From the months of January to June my mind is almost always occupied — whether it be with random facts regarding my upcoming tests or what time I need to wake up the next morning to get to school on time, my mind is always racing. Yet during these months my mind always circles back to one thing: crew.
As I am in the midst of my third year participating in this sport, I have learned quite a bit about it. The “crew-lingo” has become a second language for me, and the responsibilities that come from being on the team have all become natural instincts. One thing I learned early on, is that it’s incredibly necessary to separate boats by weight.
As a measly freshman, I was appalled at being weighed and categorized because of it. Why does it matter, I thought, good rowers are good rowers regardless of their weight. To me, there was no need to assign people more numbers to their name. However, what I came to realize was that smaller (yet still talented) rowers were provided an opportunity to actually compete when they were given their own category.
Now, the question that is most likely sitting in the back of all your minds: Why on earth is this relevant?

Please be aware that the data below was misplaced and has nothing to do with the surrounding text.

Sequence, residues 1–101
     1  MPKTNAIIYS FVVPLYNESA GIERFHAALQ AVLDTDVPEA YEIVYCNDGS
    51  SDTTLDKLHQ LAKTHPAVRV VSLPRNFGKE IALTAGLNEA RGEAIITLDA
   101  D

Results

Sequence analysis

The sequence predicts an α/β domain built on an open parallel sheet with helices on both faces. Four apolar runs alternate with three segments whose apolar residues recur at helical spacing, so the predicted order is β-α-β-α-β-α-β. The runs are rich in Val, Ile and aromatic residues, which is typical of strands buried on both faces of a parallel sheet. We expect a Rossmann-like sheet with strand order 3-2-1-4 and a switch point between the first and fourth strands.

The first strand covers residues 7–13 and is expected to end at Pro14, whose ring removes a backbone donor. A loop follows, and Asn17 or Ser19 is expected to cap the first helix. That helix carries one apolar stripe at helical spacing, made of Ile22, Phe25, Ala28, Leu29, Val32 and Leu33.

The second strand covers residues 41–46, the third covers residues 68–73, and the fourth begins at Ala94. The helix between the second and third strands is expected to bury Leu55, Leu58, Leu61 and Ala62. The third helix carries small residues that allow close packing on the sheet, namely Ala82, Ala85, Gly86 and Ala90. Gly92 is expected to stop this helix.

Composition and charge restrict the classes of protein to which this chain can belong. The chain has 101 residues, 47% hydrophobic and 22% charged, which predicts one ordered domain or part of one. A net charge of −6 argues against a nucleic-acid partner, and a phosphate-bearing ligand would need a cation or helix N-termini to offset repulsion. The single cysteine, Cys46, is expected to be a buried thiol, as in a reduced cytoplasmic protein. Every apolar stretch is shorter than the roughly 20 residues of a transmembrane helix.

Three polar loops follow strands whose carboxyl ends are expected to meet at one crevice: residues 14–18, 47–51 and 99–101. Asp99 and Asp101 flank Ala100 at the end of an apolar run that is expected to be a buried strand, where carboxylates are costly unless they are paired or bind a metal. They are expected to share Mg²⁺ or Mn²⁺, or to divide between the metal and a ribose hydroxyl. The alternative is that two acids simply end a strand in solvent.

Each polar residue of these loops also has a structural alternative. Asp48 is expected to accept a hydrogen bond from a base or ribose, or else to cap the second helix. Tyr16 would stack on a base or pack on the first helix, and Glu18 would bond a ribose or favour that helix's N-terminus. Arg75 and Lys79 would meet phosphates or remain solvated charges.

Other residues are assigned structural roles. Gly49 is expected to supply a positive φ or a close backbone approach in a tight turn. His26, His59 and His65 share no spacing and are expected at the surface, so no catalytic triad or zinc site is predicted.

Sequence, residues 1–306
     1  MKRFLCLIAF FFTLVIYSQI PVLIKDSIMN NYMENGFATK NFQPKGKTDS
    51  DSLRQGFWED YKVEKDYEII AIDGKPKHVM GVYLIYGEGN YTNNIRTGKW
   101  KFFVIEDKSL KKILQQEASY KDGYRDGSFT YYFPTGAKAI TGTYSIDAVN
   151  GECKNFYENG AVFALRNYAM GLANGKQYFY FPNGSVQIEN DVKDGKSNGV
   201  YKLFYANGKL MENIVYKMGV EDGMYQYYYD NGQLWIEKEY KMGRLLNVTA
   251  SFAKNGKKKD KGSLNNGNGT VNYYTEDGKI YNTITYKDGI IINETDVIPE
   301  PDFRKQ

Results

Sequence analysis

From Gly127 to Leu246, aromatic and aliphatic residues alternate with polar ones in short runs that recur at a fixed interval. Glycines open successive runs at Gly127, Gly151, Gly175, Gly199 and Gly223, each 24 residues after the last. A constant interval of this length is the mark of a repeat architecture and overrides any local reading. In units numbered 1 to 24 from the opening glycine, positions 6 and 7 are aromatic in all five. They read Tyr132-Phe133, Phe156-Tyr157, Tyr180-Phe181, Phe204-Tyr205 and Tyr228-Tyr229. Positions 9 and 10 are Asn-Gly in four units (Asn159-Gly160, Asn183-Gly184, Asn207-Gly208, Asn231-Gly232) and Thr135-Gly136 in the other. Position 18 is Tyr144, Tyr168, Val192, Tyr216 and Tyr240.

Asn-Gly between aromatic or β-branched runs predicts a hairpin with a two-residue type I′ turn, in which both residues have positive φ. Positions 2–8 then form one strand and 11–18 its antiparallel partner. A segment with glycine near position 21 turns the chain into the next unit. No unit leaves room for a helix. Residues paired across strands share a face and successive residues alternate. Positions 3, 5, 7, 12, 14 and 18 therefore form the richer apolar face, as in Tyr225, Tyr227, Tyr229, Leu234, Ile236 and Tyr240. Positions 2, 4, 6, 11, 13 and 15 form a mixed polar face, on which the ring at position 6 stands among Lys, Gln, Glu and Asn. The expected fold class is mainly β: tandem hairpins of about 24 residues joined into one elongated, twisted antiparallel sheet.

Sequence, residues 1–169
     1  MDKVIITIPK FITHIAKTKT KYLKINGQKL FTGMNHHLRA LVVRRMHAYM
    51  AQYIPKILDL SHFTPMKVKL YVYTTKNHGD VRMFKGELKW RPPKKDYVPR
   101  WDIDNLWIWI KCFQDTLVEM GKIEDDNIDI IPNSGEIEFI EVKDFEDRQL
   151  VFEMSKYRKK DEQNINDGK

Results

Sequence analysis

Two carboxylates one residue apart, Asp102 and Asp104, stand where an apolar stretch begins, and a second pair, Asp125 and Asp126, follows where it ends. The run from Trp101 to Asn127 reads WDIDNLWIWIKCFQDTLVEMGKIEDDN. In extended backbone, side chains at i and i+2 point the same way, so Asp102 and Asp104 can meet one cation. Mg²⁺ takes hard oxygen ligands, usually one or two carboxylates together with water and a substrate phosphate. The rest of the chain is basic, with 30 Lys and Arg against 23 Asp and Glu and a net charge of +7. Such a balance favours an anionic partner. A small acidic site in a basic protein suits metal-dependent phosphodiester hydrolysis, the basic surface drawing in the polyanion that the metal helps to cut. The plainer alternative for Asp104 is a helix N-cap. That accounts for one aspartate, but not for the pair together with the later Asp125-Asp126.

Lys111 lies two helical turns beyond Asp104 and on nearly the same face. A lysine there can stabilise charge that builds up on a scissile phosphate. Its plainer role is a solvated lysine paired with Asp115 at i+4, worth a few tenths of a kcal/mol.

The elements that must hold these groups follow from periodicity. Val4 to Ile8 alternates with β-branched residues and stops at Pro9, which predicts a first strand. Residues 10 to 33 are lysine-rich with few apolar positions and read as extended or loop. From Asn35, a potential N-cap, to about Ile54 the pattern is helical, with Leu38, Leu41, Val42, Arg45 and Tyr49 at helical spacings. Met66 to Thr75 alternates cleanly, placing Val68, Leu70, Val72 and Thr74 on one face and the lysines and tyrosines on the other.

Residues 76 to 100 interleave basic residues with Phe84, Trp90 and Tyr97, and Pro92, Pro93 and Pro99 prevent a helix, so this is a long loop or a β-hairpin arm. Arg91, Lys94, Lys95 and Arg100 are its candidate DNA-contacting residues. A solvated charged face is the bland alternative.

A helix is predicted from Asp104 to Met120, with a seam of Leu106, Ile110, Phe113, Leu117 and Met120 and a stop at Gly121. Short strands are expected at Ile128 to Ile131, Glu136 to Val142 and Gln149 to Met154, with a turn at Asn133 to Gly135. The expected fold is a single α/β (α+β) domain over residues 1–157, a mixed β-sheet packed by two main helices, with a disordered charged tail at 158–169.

Recently, US Rowing has issued a statement saying there is a committee out in the field evaluating the safety of high school lightweight rowing and possibly beginning to remove the category entirely. Although no official actions have been taken, just this season alone my team has had issues with racing our lightweight 8 because of the events being scratched.
I can understand the origins of the concern. With modern day body image issues running rampant among teenagers, the idea of dropping weight in an unhealthy manner to be able to compete in a lightweight category is not entirely foreign to some. For US Rowing to see the potential determinants of such a competitive category is a big step. However, by taking away the category as a whole also prevents a large group of high schoolers from being able to compete on the competitive level.
If lightweight rowing is entirely eliminated, many talented rowers would be left in the dust simply because of their size.
The divide between open and lightweight rowers is somewhat discouraging from a team aspect sometimes, but when it comes down to it, the joy that rowing brings so many different people brings them back together. The separation of the categories allows teenagers of all shapes and sizes to be able to fairly compete against each other. It’s frankly ridiculous to propose disposing of the lightweight category, as we all are, at heart, rowers just pushing to win.